• Willamette Valley Investors Network (WVIN)- May
    14th conference (150K) at CH2M Hill Alumni
    center
  • Oregon Entrepreneurs Network- March 15th Annual
    Meeting in Portland (250K)
  • http//www.oen.org/events_ao.aspx
  • Portland Angel Network (PAN)
  • Womens Investment Network (WIN)

17
Venture Capital
  • What is a Venture Capital Fund?
  • Mutual fund for private, illiquid securities
    with 10 year life (in general) generally
    unproven businesses
  • Who are investors in a VC partnership?
  • Who has a 10-year investment horizon and can lose
    100 of capital?
  • Pension funds, foundations, endowments, trusts,
    banks, insurance companies, some high net worth
    individuals, corporations
  • Venture Capital
  • Specialized lt2 of businesses formed (SBA)
  • Geographic concentration 33 Silicon Valley, 50
    California, 67 California and New England (role
    of research institution)
  • VC metro99.2 non-metro0.8 rural0
    (infrastructure)
  • Home run mentality 10 10x, 30-50 write-off
  • Investment characteristics high growth
    potential, capital efficiency, exit potential
  • Significant investment governance and
    oversight

18
Good and Bad Venture Deals
  • faster, better, cheaper
  • if so, look for 10X move to the next curve
  • brave new world
  • not just new, but necessary
  • are the dogs eating the dog food
  • do customers want your product?
  • science projects (also known as ratholes)
  • is there a product and market in the foreseeable
    future?
  • putting lipstick on the pig
  • no, really, this is a great deal!

19
Industry Structure Matrix
Switching Costs
High
Low


High
Barriers to Entry
Low
20
Industry Structure Matrix
Switching Costs
High
Low
Monopoly / oligopoly Excess profits Operating systems, Jet Engines, Life Sciences

High
Barriers to Entry
Low
21
Industry Structure Matrix
Switching Costs
High
Low
Monopoly / oligopoly Excess profits Intense competition Concentrated industry Low profitability / collusion Commodity items Airlines, auto, resource

High
Barriers to Entry
Low
22
Industry Structure Matrix
Switching Costs
High
Low
Monopoly / oligopoly Excess profits Intense competition Concentrated industry Low profitability / collusion Commodity items
Fragmented industry Growth via consolidation Services
High
Barriers to Entry
Low
23
Industry Structure Matrix
Switching Costs
High
Low
Monopoly / oligopoly Excess profits Intense competition Concentrated industry Low profitability / collusion Commodity items
Fragmented industry Growth via consolidation Price parity Intense competition Margin pressure Internet
High
Barriers to Entry
Low
24
Raising Institutional Capital Overview of the
Process
  • Preparing the business plan
  • A business plan or a plan for the business?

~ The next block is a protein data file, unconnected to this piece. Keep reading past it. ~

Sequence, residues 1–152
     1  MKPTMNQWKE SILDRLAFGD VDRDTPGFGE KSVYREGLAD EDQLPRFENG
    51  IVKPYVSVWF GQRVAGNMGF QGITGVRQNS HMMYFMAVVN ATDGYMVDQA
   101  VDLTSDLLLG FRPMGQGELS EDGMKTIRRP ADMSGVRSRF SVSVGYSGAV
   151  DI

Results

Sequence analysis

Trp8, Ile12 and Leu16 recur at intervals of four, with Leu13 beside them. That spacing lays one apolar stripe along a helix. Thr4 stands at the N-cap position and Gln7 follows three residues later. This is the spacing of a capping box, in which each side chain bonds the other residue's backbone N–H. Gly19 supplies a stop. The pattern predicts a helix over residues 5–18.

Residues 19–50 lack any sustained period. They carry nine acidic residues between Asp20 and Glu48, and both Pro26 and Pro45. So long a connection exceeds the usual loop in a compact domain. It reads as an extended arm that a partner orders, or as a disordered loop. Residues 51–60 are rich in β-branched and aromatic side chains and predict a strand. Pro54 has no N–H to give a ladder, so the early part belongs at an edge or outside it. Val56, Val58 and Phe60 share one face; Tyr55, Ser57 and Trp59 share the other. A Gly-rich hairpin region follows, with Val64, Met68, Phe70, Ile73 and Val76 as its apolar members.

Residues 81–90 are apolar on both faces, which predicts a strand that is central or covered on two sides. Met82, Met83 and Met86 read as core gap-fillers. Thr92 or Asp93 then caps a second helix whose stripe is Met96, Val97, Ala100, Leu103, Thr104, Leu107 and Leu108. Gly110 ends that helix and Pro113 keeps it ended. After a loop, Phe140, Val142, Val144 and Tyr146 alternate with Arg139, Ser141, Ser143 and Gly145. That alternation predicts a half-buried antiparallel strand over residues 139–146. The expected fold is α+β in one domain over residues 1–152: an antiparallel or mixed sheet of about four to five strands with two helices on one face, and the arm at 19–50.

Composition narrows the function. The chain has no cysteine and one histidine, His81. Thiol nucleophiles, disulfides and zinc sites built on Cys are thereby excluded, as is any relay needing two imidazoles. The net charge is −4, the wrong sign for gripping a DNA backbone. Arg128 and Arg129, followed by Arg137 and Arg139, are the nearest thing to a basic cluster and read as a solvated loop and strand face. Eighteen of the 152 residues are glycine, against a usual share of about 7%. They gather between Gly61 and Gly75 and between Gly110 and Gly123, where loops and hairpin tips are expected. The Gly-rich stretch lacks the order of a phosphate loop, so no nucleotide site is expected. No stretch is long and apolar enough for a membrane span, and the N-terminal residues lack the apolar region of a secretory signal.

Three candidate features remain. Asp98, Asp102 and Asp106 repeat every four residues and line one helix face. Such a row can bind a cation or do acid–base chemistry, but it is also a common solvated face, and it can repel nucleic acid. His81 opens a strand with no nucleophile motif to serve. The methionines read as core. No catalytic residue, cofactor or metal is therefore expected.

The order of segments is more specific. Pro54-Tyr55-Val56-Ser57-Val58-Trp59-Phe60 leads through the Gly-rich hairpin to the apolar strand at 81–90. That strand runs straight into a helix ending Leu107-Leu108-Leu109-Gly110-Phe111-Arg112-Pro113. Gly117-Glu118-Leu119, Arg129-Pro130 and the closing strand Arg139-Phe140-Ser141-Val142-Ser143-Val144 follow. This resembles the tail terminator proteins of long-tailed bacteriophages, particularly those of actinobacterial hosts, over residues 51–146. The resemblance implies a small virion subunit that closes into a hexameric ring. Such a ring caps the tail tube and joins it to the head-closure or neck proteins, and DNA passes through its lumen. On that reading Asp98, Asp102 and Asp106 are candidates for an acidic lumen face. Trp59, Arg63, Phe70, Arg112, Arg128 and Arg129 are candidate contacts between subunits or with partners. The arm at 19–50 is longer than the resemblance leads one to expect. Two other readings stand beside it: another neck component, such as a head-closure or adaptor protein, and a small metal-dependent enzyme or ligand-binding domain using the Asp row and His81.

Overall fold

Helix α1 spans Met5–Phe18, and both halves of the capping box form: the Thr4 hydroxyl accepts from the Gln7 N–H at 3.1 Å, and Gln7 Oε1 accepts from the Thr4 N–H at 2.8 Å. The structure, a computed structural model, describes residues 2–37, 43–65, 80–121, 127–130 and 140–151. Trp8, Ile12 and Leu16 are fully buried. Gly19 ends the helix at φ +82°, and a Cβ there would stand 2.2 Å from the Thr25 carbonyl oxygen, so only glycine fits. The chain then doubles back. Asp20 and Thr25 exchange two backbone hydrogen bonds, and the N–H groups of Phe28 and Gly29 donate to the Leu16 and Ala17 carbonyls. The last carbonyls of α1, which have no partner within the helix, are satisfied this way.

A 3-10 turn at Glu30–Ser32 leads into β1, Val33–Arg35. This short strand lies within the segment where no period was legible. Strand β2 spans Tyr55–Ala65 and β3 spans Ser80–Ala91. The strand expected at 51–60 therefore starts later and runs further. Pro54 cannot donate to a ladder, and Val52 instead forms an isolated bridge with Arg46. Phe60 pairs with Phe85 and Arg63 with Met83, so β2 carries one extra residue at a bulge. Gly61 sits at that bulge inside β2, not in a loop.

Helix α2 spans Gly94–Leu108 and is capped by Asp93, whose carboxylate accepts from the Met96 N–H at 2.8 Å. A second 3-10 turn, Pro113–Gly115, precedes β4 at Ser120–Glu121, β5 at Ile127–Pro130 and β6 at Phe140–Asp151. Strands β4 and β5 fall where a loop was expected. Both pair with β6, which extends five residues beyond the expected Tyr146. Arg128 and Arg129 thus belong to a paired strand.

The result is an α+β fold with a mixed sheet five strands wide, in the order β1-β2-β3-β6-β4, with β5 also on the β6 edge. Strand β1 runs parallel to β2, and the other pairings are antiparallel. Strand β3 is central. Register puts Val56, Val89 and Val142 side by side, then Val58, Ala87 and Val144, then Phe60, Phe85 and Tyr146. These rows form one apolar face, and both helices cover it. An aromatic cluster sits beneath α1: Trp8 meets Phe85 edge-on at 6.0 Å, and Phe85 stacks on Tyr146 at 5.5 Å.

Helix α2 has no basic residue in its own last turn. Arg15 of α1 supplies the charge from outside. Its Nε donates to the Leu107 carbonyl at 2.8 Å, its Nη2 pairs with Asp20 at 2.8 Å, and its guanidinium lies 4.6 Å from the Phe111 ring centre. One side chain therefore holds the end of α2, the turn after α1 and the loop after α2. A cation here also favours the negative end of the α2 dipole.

• Presenting the business plan
  • Initial screening/filtering status and fit
  • Due diligence process
  • Validation based on interviews, research, expert
    opinion
  • Market, need, defensibility, management
  • Valuation
  • A negotiation
  • Term sheet
  • Ongoing relationship
  • Board of Directors, introductions, strategic
    advice
  • Exit strategy

25
Investment Evaluation Key Issues
  • Filtering process
  • 100101
  • invention product business platform
    investment
  • Validation
  • Attractive Market Opportunity
  • size growth competition
  • Compelling Need
  • breakthrough solution
  • Proprietary Position
  • technology product market
  • Management
  • visionary, committed, market-oriented

26
TOP 10 What VCs Dont Want to Hear
  1. Our projections are conservative
  2. Our market is billion and we only need
    0.00001 of it to succeed
  3. We are in final negotiations with a large partner
  4. We will sell only common stock to investors
  5. We have no competition
  6. Our technology cannot be duplicated
  7. XYZ Co. (a Fortune 100) is too slow moving
  8. We are creating / changing the market and our
    product will become the standard
  9. We have first mover advantage
  10. Our goal is to attain 2 market share

27
New Markets are Hard to Gauge
  • "This 'telephone' has too many shortcomings to be
    seriously considered as a means of communication.
    The device is, inherently, of no value."
  • Western Union internal memo, 1876.
  • "The wireless music box has no imaginable
    commercial value. Who would pay for a message
    sent to nobody in particular?"
  • RCA David Sarnoff's associates in response to
    his urgings for investment in the radio in the
    1920s

28
New Markets are Hard to Gauge
  • "I think there is a world market for, maybe,
    five computers."
  • Thomas Watson, chairman of IBM, 1943
  • "There is no reason anyone would want a computer
    in their home."
  • Ken Olson, Digital Equipment Corp.,1977
  • "640K ought to be enough memory for anybody."
  • Bill Gates, 1981

29
The Second Mouse Gets the Cheese
30
Selling is What Its All About
  • Don't worry about people stealing your ideas.
    If your ideas are any good, you'll have to ram
    them down people's throats.

Howard Aiken Computer Pioneer
31
OSU Ideas on their way
  • Nuke in a box (recently received VC investment-
    06 MBA project)
  • Nanobits, Inc (received 2007 ONAMI gap
    funding-evolved from 06 undergrad class)
  • I5 Logic, Inc (recently received large VC
    investment- from 06 undergrad class)
  • Printable electronics (received 2008 OSU Venture
    Grant- from 07 undergrad class)